Also, it shows that bolt diameter had specific effect on the post-failure performance of the reinforcement system. For instance, when bolt diameter was small, such as 15 mm, after bolts reached the maximum force, the loading displacement showed an apparent snapback phenomenon. This was because the boundary surface entered the weakening-friction stage. Moreover, it was directly resulted by the continuous growth of the friction length. This phenomenon also occurred in the previous research [33]. By contrast, when bolt diameter was relatively larger, such as 25 mm, after bolts reached the maximum force, this snapback phenomenon was not apparent.
Additionally, the relationship between the maximum force of bolts and λ was analysed. With bolt diameter growing, the corresponding λ dropped from 3.66e−5 to 2.85e−5 N/m (Fig. 6.3). As for the maximum force of bolts, it grew directly. Therefore, a negative relationship between the maximum force of bolts and λ occurred.
This paper mainly focused on the maximum force of bolts. Therefore, when those bolts with three different diameters reached the maximum force, the bond stress distribution of the boundary surface was exported (Fig. 6.4). It shows that when bolts with those three different diameters reached the maximum force, the bond stress at the boundary surface was in the elastic-weakening-friction stage.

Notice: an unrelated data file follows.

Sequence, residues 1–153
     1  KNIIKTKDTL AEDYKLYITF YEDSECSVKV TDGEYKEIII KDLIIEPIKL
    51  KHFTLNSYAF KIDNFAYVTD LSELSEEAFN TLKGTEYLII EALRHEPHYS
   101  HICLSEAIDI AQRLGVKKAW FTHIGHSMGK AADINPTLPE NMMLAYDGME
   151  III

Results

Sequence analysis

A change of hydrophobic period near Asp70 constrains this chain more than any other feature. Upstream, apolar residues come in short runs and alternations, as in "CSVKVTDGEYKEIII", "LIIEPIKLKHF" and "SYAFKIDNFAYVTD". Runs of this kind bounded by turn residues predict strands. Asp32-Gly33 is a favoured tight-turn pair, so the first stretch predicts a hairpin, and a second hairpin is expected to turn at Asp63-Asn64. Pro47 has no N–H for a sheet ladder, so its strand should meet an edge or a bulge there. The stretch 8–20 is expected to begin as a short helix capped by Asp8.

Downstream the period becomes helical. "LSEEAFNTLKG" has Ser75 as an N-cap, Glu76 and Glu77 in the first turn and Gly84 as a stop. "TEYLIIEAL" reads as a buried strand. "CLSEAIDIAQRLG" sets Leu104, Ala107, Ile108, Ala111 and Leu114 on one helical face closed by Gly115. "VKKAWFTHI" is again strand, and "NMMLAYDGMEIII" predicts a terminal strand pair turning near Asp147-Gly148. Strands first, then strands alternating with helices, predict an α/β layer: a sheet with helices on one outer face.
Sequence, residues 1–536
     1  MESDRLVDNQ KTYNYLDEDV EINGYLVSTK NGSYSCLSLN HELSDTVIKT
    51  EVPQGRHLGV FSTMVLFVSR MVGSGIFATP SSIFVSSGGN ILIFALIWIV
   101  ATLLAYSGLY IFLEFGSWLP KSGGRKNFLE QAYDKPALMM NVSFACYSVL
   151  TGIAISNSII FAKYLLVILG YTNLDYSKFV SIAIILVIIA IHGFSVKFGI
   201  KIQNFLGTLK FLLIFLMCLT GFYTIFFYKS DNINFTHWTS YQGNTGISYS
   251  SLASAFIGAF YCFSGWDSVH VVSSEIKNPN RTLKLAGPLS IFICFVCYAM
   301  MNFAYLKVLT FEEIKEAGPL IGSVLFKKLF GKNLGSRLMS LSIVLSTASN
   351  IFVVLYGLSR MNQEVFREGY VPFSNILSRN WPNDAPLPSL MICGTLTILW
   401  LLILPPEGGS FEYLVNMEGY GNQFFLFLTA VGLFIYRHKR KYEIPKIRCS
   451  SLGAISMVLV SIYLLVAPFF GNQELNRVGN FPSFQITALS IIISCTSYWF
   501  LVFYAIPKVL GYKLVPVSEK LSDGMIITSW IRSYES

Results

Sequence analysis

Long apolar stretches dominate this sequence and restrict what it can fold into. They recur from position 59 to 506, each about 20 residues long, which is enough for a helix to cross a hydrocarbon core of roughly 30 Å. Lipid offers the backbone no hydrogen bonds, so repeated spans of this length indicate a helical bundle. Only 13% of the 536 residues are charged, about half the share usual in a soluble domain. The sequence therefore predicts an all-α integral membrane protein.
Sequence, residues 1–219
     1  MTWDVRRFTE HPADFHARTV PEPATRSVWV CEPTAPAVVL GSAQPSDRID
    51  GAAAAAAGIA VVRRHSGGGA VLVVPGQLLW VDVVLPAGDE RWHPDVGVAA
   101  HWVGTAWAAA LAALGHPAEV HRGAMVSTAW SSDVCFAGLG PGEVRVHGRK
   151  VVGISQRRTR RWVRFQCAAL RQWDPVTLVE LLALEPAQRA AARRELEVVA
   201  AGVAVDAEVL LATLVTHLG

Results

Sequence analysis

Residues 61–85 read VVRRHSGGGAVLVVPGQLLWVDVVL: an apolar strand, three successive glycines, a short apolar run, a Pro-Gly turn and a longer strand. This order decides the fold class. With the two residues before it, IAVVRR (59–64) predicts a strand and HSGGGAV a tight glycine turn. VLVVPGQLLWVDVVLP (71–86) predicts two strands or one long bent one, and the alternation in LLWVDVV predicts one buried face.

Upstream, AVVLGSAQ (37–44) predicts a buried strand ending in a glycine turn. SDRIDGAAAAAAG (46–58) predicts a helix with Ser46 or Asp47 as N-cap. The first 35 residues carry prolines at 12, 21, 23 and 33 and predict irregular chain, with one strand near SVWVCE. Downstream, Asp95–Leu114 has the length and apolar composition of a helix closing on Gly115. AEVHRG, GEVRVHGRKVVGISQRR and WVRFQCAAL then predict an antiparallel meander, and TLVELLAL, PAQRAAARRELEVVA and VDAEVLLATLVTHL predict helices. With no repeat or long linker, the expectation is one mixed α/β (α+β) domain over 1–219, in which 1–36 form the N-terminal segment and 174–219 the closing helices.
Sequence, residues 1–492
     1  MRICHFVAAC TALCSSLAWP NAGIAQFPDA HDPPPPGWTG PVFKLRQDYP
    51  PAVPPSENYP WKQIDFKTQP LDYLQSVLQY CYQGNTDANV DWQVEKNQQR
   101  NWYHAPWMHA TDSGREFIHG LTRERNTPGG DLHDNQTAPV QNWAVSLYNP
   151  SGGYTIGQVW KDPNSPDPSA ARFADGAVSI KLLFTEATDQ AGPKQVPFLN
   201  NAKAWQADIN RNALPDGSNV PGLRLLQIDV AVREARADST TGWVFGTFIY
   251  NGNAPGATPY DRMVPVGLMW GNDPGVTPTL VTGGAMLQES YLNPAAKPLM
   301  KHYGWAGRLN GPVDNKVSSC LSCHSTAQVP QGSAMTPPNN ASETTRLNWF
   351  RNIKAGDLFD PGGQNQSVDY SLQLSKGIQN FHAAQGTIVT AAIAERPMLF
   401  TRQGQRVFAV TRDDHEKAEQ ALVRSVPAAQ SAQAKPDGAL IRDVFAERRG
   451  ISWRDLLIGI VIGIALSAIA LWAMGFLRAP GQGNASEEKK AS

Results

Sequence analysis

Meantime, it shows that for bolts with a smaller diameter, when the maximum force was reached, the length of the friction section was larger. For instance, when the bolt diameter was 15 mm, the corresponding friction length was 828 mm. However, when the bolt diameter was 25 mm, the friction length dropped to 493 mm. This was related to the reinforcement stiffness of the anchorage body. When the bolt diameter was small, the reinforcement stiffness was also slight. Therefore, to reach the maximum force, a relatively large loading displacement was needed. However, under the effect of the large loading displacement, the boundary surface experienced rather large bond slipping. Then, the friction length grew.